Chase Utley should not be playing in Game 5 of the NLCS clincher. Not after the Los Angeles Dodgers infielder’s purposeful slide broke the leg of New York Mets second baseman Ruben Tejada in Game 2. For that, Chase Utley was handed a slap on the wrist for Games 3 and 4. It can be assumed that his actions were essentially rewarded.
There is a lot of strategic gamesmanship that takes place in sports, especially in baseball where one slight action can give a team the edge. Gamesmanship does not call for plays such as Chase Utley’s. As far as the edge given in his slide, well, it could help propel the Dodgers to the NLDS versus the Chicago Cubs.
The fact that Chase Utley has a chance to play in Game 5 is laughable. What is worse is that he was supposed to be suspended for two games. Utley undoubtedly appealed his two-game ban. His appeal reportedly will not be heard until next week.
Just when it seems that Major League Baseball was beginning to have the playoff storylines that they wanted, controversy rears its ugly head. MLB has dropped the ball here.
Chase Utley used his power to appeal the suspension, which he knew would allow him to play (via LA Times) for the remainder of the series with the Mets. If it is true that Utley’s appeal ruling (via ESPN) will not take place until Monday at the earliest, he will also be eligible for the first two games of the NLCS if the Dodgers advance.
This is a great way for Major League Baseball to reward Chase Utley. Who is a repeat offender for his hard slide outside of the base pad.
Ruben Tejada is just one of Chase Utley’s slide victims. San Francisco Giants shortstop Gregor Blanco’s season came to an end due to an aggressive play by Chase Utley. The only difference was that Blanco was the baserunner on this play.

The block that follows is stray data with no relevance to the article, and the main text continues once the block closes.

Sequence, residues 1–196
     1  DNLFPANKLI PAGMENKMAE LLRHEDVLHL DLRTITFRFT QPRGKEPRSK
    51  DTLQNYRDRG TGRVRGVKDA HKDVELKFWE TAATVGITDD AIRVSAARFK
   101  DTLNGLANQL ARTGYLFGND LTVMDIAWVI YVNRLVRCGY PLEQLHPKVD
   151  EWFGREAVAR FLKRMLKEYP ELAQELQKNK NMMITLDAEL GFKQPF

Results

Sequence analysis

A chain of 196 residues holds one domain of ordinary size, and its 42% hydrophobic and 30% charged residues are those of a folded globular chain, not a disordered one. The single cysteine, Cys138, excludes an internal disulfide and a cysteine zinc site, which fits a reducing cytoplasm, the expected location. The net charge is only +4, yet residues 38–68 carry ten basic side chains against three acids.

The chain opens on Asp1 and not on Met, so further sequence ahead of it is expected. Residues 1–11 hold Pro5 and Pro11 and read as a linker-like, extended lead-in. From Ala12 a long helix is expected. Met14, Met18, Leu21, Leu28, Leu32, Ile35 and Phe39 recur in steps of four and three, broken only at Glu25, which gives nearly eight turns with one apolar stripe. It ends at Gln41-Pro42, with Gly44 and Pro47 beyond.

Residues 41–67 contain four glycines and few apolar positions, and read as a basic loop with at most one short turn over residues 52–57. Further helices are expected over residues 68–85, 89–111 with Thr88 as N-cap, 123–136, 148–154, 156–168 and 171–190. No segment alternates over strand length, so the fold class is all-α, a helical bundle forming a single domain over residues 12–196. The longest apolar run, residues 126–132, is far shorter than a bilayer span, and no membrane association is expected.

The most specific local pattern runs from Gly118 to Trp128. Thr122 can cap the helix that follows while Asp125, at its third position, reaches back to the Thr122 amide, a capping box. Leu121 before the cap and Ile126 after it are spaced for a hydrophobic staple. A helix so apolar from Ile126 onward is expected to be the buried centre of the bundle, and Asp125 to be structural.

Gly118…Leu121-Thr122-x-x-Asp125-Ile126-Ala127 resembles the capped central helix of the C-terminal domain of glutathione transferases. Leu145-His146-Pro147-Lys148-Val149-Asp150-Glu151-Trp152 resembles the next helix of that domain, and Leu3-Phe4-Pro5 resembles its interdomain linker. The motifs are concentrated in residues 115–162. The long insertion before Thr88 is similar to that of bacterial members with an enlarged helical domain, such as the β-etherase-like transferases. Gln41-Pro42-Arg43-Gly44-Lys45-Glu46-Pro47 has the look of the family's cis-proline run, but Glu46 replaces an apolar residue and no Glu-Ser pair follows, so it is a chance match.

SB Nation shows the play in a gif. Gregor Blanco is attempting to slide into second base. Chase Utley politely introduces Blanco to his knee. The Giants were without their shortstop for the rest of the season.
The scenario that set up the ugly incident is more telling. Blanco was taken out by Chase Utley in the ninth inning. There was a 4-4 tie. The Los Angeles Dodgers were trying to restore order by keeping the Giants at bay in the standings. Without Gregor Blanco, the Giants were missing a good defensive infielder, and lost all of the momentum built from having won every game in their series versus the Dodgers.
Knowing that Chase Utley plays aggressively and is regarded as a gamer, Rob Manfred’s office should have thrown the book at him. Any appeal should have been heard immediately, without much delay.
With ESPN reporting that the appeals process will not begin until Monday, there are no guarantees that a decision is finalized the same day. Also, Manfred’s office could determine that the slide was simply a baseball play. In this case, the advantage is on Chase Utley and the Los Angeles Dodgers.
A play like his slide to second base should be unappealable, much like a drug or P.E.D. suspension. If that is too extreme, how about considering a shorter turnaround time for the appeals process. Monday will make nine days since the play took place. Major League Baseball would have done better by not suspending Chase Utley at all. Having everyone wait so long for the appeal to be heard does a disservice to the suspension process. It is not unrealistic that MLB does not want to give one team or the other a competitive advantage. If that is the case, then Major League Baseball should say so.
Chase Utley should not be allowed to play in Game 5 of the Dodgers versus Mets series. The reason for that is because he was suspended for a dirty baseball play. Having Chase Utley be available is a farce. It rewards the wrong type of gamesmanship.
[Photo by Sean M. Haffey/Getty Images Sport]